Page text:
How to Form Healthy Eating Habits

girl and a guy cutting vegetables

Why is it that try as you might, switching to healthy eating habits feels nearly impossible? It seems that no matter how earnest your intentions may be, good eating habits take the wayside to those which are both familiar and convenient to you. 

Unfortunately, “familiar and convenient” usually means reaching for packaged foods and other sources of less-than-nutritious calories. 

True, packaged foods typically have long shelf-lives and are easy to grab on the fly or keep in your desk. However, between the simple sugars, trans fats, hydrogenated fats and preservatives, is convenience really in your best interest?

No, of course not, which is why you are aware of a need to switch to healthier habits. 

And here’s how. 

Making the Switch to Good Eating Habits

Merely understanding the need for good eating habits doesn’t implement the cure, which means that in order to change your diet for the better you need to create a plan.

And, this plan needs to be easy and manageable, and NOT like taking on a second job. 

The best way to do this? 

Start small, and work up.

For instance, let’s say that you realize you need to get more fresh fruits and veggies into your diet. 

However, making a sudden switch to fruit and green salads morning noon and night will not only add loads of shopping and prep time to your day, it will also quickly burn you out on fruits and veggies. This then makes it much easier to simply fall back on your old, easy-to-follow habits

Instead, try swapping those packaged snacks in your desk for apples, oranges, carrot sticks and other easy-to-snack-on fruits and veggies.

This will then give you a good, healthy starting point which you can mold into a habit. From there you can expand little-by-little, such as getting in the habit of buying grass-fed beef over conventional or changing dessert from cake and ice cream to yogurt with fruit and granola. 

And, in addition to starting small, you should:

  • Keep the chain going—Think of each day of your new habit as a link in a chain, with your goal being to keep it going for 3-or-so-weeks (see the next section on the 21-day habit). You can do this by marking each successful day on a calendar so that you can see your progress over time while making sure not to “break the chain.”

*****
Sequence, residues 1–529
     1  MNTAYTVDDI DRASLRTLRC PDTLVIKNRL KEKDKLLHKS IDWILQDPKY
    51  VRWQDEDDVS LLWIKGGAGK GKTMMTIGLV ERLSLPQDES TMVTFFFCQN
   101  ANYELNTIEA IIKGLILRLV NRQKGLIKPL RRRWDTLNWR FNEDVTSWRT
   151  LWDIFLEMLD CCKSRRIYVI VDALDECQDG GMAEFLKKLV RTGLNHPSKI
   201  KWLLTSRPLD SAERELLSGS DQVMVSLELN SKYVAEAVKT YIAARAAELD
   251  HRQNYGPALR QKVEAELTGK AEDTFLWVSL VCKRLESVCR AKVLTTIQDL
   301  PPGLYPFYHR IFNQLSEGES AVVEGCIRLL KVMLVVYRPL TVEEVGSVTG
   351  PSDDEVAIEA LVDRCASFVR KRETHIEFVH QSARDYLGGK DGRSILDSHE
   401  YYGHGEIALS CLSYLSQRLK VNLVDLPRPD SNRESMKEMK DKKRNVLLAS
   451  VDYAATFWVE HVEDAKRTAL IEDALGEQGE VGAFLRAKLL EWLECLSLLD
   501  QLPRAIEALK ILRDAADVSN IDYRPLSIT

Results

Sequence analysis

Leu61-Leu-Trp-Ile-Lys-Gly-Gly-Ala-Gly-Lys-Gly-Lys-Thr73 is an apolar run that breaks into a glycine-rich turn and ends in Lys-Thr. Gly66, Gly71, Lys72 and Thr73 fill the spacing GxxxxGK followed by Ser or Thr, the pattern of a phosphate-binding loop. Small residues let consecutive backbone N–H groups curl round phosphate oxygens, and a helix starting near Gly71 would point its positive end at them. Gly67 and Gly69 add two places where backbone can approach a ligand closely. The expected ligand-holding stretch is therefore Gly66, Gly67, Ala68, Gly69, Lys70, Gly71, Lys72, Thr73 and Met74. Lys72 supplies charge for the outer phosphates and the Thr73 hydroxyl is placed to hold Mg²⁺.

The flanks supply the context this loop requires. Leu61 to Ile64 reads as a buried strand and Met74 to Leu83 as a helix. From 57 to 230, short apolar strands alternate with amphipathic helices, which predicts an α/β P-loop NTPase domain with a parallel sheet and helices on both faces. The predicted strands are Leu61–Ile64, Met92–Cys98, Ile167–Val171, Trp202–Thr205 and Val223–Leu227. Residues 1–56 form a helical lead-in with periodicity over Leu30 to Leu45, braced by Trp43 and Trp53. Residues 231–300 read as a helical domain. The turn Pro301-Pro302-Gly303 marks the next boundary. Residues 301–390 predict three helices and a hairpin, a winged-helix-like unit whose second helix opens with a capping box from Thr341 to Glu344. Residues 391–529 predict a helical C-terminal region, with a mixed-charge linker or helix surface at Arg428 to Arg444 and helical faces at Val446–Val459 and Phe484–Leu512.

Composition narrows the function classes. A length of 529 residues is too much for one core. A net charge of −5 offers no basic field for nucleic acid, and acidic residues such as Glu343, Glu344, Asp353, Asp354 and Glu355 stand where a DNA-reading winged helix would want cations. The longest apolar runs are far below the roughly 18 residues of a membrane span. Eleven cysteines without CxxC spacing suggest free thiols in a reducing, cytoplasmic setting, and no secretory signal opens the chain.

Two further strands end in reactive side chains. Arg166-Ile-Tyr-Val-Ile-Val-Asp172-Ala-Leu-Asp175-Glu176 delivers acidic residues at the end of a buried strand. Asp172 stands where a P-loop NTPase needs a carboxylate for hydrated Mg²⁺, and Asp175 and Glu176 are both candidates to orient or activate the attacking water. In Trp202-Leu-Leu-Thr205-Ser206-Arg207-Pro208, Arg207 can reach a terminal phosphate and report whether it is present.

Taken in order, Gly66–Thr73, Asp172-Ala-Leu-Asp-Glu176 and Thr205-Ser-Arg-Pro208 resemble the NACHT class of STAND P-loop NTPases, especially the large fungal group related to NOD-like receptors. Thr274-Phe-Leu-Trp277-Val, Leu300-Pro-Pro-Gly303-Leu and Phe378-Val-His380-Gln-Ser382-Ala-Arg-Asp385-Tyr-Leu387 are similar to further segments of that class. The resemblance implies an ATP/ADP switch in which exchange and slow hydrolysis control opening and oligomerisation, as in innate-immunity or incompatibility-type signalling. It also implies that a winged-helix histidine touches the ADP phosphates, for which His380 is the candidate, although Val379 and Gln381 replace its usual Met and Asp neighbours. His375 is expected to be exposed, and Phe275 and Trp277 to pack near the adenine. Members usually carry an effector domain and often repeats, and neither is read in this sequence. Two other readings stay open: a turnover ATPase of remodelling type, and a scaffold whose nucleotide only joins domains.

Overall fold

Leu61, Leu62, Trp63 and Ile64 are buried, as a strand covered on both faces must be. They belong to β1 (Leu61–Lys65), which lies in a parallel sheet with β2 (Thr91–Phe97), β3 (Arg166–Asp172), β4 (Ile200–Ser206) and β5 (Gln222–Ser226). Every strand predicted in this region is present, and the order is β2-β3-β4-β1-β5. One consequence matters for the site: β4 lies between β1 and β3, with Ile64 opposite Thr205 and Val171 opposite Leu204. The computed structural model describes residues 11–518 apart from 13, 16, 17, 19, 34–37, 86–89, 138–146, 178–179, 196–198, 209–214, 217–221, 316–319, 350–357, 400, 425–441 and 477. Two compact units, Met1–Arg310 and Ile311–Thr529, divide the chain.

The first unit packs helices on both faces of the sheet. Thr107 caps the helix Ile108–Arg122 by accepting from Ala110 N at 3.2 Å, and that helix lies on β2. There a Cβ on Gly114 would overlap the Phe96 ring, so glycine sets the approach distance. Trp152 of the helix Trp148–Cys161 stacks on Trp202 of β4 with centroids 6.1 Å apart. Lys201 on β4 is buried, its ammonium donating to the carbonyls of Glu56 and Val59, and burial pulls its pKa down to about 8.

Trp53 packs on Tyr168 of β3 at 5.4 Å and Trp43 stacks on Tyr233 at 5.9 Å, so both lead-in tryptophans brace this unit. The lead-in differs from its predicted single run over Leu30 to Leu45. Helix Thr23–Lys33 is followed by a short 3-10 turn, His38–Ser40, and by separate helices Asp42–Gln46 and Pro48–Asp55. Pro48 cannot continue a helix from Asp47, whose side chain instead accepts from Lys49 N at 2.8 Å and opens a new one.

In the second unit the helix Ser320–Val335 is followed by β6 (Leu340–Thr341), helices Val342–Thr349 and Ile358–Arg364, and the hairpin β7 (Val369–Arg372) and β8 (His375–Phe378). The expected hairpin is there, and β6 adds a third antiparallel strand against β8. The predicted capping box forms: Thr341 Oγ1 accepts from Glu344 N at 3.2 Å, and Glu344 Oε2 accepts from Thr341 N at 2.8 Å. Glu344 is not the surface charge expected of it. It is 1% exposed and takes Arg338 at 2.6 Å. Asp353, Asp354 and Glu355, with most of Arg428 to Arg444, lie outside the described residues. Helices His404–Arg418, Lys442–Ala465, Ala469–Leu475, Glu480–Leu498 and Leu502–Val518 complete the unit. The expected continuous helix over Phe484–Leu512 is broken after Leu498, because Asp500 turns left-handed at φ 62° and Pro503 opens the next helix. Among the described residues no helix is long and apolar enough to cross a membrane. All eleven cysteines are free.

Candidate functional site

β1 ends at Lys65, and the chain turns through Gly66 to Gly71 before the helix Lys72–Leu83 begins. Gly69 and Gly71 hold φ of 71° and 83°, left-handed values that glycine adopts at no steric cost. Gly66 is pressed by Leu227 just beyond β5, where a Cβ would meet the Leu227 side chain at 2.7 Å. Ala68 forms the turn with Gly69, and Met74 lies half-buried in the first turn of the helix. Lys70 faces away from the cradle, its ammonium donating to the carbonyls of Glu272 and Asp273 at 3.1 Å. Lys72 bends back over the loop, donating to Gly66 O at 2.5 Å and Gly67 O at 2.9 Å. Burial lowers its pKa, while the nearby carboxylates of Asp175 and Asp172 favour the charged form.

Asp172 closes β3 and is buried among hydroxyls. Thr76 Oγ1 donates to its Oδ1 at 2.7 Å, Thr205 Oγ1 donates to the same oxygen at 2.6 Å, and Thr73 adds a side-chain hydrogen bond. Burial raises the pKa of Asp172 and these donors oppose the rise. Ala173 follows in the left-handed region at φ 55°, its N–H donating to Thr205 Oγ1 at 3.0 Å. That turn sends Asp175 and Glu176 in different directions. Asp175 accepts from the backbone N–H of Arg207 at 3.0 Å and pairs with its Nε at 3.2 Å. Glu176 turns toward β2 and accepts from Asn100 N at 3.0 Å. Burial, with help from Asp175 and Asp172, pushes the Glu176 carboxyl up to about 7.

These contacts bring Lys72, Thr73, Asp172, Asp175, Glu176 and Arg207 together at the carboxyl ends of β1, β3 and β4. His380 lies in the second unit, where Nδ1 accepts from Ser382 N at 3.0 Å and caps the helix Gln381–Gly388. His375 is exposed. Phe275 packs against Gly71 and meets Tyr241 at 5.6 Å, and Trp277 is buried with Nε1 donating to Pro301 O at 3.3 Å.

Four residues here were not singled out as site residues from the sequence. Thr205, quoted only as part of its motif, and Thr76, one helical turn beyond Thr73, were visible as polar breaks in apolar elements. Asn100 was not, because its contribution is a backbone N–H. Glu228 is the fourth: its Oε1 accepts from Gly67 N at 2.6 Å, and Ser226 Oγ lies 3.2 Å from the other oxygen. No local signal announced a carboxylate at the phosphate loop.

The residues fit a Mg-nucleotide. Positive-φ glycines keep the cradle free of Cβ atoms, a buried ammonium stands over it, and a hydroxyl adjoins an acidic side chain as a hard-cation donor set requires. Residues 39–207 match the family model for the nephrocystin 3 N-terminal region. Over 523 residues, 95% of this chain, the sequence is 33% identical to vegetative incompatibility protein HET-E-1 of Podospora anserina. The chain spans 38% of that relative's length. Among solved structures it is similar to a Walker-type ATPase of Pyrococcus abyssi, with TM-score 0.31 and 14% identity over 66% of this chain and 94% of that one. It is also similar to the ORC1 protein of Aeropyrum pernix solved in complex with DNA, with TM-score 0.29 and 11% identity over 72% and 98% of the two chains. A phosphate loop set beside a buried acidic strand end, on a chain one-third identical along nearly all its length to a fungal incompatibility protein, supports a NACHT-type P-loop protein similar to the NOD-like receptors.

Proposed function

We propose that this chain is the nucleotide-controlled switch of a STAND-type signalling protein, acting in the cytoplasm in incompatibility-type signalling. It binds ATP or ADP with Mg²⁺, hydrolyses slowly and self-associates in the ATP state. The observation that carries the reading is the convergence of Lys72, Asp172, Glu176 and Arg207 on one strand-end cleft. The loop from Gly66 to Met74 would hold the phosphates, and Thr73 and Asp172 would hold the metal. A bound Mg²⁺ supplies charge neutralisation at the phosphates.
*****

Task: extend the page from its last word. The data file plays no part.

• Keep positive intentions—Just as you take showing up at a business meeting seriously, take your habits seriously. Do this not only by keeping track of successful days, but by scheduling the implementation of new habits as though you are scheduling a business meeting or similar. 
  • Celebrate—When you reach a successful milestone, pat yourself on the back! Even if it is a small win, a win is a win and celebrating it will make it that much more significant. 
  • Avoid Negativity—Those who support your habits are those you need to be around, simple as that. True, some may want to “test” you with donuts in the break room, etc. which may mean avoiding the break-room, and possibly even the person. However, those who offer their support or even want to join in are who you need to be around, since doing so can dramatically increase your chances of success.

Remember, this is all about commitment and changing your mindset which requires an “all-in” approach.  

The 21-day Habit

You also need to give your new healthy eating habits time to “set in” and take hold. 

For instance, science tells us that it usually takes a minimum of around 3-weeks for a habit to form and become established. This means that even though times of change are exciting, and you likely want things to happen sooner than later, some patience and discipline are in order. 

In other words, when you first begin prepping your veggie sticks and fruit and taking them with you to work in the morning, plan on NOT being able to rely on innate habit to do so for at least another 3-weeks. This may mean using a reminder system, such as:

  • Affixing a note somewhere you know you won’t miss it, such as the bathroom mirror or with your car keys. 
  • Prepping things the night before and leaving them somewhere you know you won’t forget, such as near the front door, on the breakfast table or at the front of the refrigerator.
  • Marking a day on your calendar (such as every Monday) where you plan on prepping a week’s worth to bring to work. 

Remember, 3-weeks is the minimum time it may take to establish a habit, and with some of us or some habits possibly requiring more time than that. This means you may need to keep at it for up to 2- months (or more) until the habit is firmly established.

Easier Yet…

An even easier way to establish healthy eating habits than the 21-day habit plan is to automate things so that you are relying less on pure diligence, and more on the convenient delivery of great-tasting, nutritious food. 

By this, we mean having delicious meals from a revolving weekly menu delivered to your door or business so that all you have to remember to do is…enjoy!

And of course, when you’re talking about tasty foods created by athletes who know a thing-or-two about flavor and nutrition, you won’t have too much trouble “remembering” to enjoy what you’re eating. 

But how can you do this?

Simply check us out at EatRiteFoods, and you’ll be on your way to establishing the easiest—and possibly healthiest—habit you’ve ever formed. 

And, you’ll love our prices as much as you will your delicious new habit. 


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